Monday, July 31, 2017


From The Living Church-

Anglican veneration of St. Ignatius of Loyola, the author of the Spiritual Exercises and founder of the Society of Jesus, at first glance appears odd or completely illogical. Unlike other theologians venerated by Anglicans, such as St. Augustine or St. Thomas Aquinas, Ignatius’ work follows the Reformation, and stands in stark opposition to many of the distinguishing tenets of Anglicanism. The Jesuit Order was founded by St. Ignatius in Rome in 1540, six years after the 1534 English Act of Supremacy in which Henry VIII declared himself “Supreme Head on earth of the Church of England.” In contrast to Henry’s denial of papal supremacy, the priests in Ignatius’ new order were required to take a fourth vow (in addition to the traditional monastic vows of poverty, chastity, and obedience) in which they “further promise a special obedience to the sovereign pontiff in regard to the missions, according to the same Apostolic Letters and the Constitutions” (Constitutions S.J., N°527). Moreover, in his letter regarding prayer for the nations, Ignatius, writing in 1553, commented that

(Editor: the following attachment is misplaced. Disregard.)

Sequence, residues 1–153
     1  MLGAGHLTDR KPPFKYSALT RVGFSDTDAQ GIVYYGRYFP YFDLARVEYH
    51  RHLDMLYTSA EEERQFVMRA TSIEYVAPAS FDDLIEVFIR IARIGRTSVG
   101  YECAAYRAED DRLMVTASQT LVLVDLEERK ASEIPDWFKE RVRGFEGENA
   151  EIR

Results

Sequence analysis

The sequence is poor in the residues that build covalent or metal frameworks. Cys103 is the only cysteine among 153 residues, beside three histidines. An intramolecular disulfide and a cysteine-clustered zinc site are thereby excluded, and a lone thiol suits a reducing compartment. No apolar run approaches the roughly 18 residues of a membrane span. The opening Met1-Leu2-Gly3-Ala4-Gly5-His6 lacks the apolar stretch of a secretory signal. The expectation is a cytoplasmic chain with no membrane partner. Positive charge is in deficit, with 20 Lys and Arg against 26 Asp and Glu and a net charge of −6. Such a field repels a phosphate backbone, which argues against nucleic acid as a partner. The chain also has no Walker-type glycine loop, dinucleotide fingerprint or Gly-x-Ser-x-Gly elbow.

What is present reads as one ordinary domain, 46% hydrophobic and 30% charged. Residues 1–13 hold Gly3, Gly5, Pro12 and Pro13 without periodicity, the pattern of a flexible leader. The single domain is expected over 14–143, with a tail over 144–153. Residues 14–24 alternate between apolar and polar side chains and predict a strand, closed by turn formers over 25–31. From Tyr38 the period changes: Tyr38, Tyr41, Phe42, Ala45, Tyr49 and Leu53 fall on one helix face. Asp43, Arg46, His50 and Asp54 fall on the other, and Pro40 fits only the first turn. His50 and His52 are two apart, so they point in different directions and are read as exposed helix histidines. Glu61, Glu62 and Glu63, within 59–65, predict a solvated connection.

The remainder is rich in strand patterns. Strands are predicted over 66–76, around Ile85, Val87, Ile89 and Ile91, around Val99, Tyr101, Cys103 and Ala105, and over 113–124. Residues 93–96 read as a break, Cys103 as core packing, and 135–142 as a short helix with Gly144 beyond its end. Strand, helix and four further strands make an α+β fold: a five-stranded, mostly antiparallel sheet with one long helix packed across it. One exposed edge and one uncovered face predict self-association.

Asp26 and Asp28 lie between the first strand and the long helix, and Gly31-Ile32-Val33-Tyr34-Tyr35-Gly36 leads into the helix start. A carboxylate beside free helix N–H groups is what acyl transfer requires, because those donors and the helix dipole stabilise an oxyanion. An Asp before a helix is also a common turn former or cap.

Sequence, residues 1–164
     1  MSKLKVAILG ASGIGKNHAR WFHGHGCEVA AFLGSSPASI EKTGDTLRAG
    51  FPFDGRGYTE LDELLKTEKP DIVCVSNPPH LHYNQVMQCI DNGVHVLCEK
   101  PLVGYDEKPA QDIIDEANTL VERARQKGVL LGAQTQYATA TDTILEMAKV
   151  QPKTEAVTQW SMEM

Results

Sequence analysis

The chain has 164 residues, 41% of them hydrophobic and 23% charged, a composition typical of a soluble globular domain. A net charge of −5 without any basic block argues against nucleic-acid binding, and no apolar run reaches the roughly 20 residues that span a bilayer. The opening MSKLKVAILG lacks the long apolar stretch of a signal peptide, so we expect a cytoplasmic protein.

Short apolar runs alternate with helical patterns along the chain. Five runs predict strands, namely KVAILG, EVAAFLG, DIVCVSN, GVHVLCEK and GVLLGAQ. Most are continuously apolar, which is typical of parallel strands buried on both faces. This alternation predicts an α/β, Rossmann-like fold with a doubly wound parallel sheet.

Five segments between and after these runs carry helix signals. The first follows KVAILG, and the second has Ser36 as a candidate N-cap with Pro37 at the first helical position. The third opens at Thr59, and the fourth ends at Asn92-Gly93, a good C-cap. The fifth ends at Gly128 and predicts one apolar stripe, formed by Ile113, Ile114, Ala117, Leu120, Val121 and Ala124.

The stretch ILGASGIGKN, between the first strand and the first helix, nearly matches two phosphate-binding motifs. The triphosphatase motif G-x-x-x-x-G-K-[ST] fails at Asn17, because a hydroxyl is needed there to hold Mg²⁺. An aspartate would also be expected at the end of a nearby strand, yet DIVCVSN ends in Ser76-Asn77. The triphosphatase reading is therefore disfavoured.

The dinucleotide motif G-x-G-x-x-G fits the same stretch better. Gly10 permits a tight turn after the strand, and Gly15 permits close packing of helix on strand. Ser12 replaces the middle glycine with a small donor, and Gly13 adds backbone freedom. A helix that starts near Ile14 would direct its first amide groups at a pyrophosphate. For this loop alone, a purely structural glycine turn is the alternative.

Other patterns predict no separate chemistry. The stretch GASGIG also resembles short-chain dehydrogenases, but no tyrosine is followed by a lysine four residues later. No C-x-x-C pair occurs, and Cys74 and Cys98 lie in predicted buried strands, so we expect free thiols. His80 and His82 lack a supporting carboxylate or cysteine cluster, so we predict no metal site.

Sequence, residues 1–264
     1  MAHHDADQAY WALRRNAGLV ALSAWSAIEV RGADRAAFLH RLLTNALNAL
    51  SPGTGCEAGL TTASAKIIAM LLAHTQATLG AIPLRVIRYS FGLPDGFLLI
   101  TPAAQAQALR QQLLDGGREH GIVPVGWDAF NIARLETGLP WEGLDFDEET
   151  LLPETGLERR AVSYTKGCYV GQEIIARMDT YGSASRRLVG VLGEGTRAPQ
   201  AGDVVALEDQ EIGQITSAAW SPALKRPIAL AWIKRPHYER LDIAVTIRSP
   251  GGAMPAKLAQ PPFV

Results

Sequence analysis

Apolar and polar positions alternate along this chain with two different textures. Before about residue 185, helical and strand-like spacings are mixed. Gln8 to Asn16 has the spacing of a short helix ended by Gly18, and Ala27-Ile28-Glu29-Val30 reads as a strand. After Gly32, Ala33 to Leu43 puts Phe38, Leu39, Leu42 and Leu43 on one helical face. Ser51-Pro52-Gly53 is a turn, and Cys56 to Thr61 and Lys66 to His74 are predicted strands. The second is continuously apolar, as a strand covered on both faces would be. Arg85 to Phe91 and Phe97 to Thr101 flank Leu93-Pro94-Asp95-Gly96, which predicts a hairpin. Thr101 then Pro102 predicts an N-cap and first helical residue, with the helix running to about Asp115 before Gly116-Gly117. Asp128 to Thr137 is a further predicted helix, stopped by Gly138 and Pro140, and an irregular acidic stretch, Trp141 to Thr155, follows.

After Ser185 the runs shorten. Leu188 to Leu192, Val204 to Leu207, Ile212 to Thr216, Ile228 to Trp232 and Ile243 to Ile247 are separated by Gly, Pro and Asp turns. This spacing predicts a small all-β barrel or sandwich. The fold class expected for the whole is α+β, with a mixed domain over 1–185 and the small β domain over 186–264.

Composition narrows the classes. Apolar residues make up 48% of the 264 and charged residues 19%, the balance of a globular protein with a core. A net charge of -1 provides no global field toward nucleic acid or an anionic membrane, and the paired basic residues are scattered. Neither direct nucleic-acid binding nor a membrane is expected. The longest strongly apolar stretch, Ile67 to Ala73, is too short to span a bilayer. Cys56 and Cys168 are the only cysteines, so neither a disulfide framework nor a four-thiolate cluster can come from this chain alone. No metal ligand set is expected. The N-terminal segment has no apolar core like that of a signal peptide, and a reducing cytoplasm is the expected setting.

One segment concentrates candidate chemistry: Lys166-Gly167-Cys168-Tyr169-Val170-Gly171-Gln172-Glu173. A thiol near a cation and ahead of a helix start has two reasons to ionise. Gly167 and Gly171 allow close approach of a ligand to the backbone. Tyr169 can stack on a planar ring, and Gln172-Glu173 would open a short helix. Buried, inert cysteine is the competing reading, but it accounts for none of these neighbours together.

Since the order of charity by which we must love the entire body of the Church in Jesus Christ her head requires that remedies be applied especially to that part of the body which is seriously and dangerously ill, we have determined that to the extent of our weak powers, we ought to devote the Society’s efforts with particular zeal to the aid of England, Germany, and the northern nations imperiled by the grievous disease of heresy.[1]

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